Jerusalem, my Destiny!
Though I cannot see the end for me,
I cannot turn away.
We have set our hearts for the way;
this journey is our destiny.
Let no one walk alone.
The journey makes us one.
The 14 mile walk today from Ribadiso to O Pedrouzo seemed longer than usual. Maybe it was the heat of the sun or our tired feet. Or, maybe it was because it was our last day before getting to Santiago. There seems to be a mixture of sadness and excitement that this journey is coming to a close. We went out for dinner in the town and were reunited with pilgrims we had met early in our journey. We said goodbye but only until tomorrow when we will all make our final 20 km to the Cathedral, get our Compostella, and attend the pilgrims mass.
On our way from Palas de Rei, there is an opportunity to take a detour off the Camino to see Castillo Pambre- a 14th century castle. Now, Rick did warn us that there was a chance we could get there but maybe not our way back to the Camino. It started off with a beautiful hike
Remember when you used to play it in the car? Well, I find myself playing it on the Camino except with the people I meet from all the different countries.
There was a couple from Portugal who come the same week to walk, a group of family and friends from Ireland walking together to celebrate a wedding on Saturday at the cathedral, a father and son from the UK, and a man from South Africa walking by himself for six weeks.
To get an official compostella you need to have walked the last 100km of the Camino. You can do it in 6 days start today, June 8, and reach the cathedral in time for the pilgrims mass on Friday.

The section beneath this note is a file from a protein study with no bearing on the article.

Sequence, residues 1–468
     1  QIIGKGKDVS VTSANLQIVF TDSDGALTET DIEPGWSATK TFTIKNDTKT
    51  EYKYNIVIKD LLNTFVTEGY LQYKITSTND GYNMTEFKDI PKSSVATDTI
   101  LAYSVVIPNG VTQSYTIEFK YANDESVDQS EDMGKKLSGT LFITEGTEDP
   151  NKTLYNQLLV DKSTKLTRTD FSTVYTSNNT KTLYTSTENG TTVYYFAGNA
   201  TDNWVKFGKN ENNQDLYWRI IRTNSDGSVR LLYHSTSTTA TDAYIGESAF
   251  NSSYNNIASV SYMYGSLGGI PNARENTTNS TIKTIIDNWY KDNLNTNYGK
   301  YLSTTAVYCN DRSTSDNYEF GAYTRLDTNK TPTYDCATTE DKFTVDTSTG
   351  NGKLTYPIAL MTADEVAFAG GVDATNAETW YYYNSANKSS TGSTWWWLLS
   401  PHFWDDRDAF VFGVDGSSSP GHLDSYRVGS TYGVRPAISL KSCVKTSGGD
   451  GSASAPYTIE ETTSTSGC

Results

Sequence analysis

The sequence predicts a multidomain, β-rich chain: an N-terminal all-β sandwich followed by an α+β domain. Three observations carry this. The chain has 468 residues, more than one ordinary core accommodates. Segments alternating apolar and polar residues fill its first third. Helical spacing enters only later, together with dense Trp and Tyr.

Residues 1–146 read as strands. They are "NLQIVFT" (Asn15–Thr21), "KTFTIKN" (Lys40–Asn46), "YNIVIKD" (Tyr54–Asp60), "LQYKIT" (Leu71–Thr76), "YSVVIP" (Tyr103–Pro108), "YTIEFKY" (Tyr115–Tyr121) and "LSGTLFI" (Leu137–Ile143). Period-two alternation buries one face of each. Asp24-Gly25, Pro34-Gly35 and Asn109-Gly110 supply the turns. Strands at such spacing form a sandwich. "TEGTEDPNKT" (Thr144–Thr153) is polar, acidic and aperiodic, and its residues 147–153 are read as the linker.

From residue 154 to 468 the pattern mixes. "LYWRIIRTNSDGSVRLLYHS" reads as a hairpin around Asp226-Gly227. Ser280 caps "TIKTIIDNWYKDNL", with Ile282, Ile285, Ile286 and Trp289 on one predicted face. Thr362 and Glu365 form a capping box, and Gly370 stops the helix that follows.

I also came around the corner and found Elizabeth and Mary trying to skip out on the last 5 miles!
Portomarin is on a man made lake. In the 1960s the Miño River was dammed to create the Belesar reservoir, putting the old village of Portomarín under water. The most historic buildings of the town were moved brick by brick and reconstructed in the new town, including its castle-style main church: Church of San Juan of Portomarín.
In the seasons when the dam is at low level, the remains of ancient buildings, the waterfront and the old bridge are still visible.
Laguna de Castilla is really the last town in Castilla. We quickly came upon another type of marker telling us that we are in Galicia. We will follow these markers all the way to Santiago.
It was a beautiful hike up high in the mountains and stopped for breakfast in O’Cebreiro, another significant gateway on the Camino because it has administered to the needs of pilgrims since the 12th century.
We stopped in Fonfria, a typical Galician village. When I tell you these are farming villages, take a look at what goes by behind us sitting outside having lunch at a restaurant.
Shortly after this it started to rain and continued until we got to Triacastela. Nearby are the quarries that provided the limestone used I the building of Santiago. Medieval pilgrims would carry as much as they were able to the kilns to help. We are hoping the packs we are carrying will remind us of their sacrifice.
Meaning, it’s up to you to moooove. Sorry, if you were here after a long day of climbing you would think that was hilarious. Today (June 5) took us through small farming villages and up into the mountains. So different from the plains when we started. From long trails through wheat to quiet paths through the woods, it’s as if we started a whole new Camino.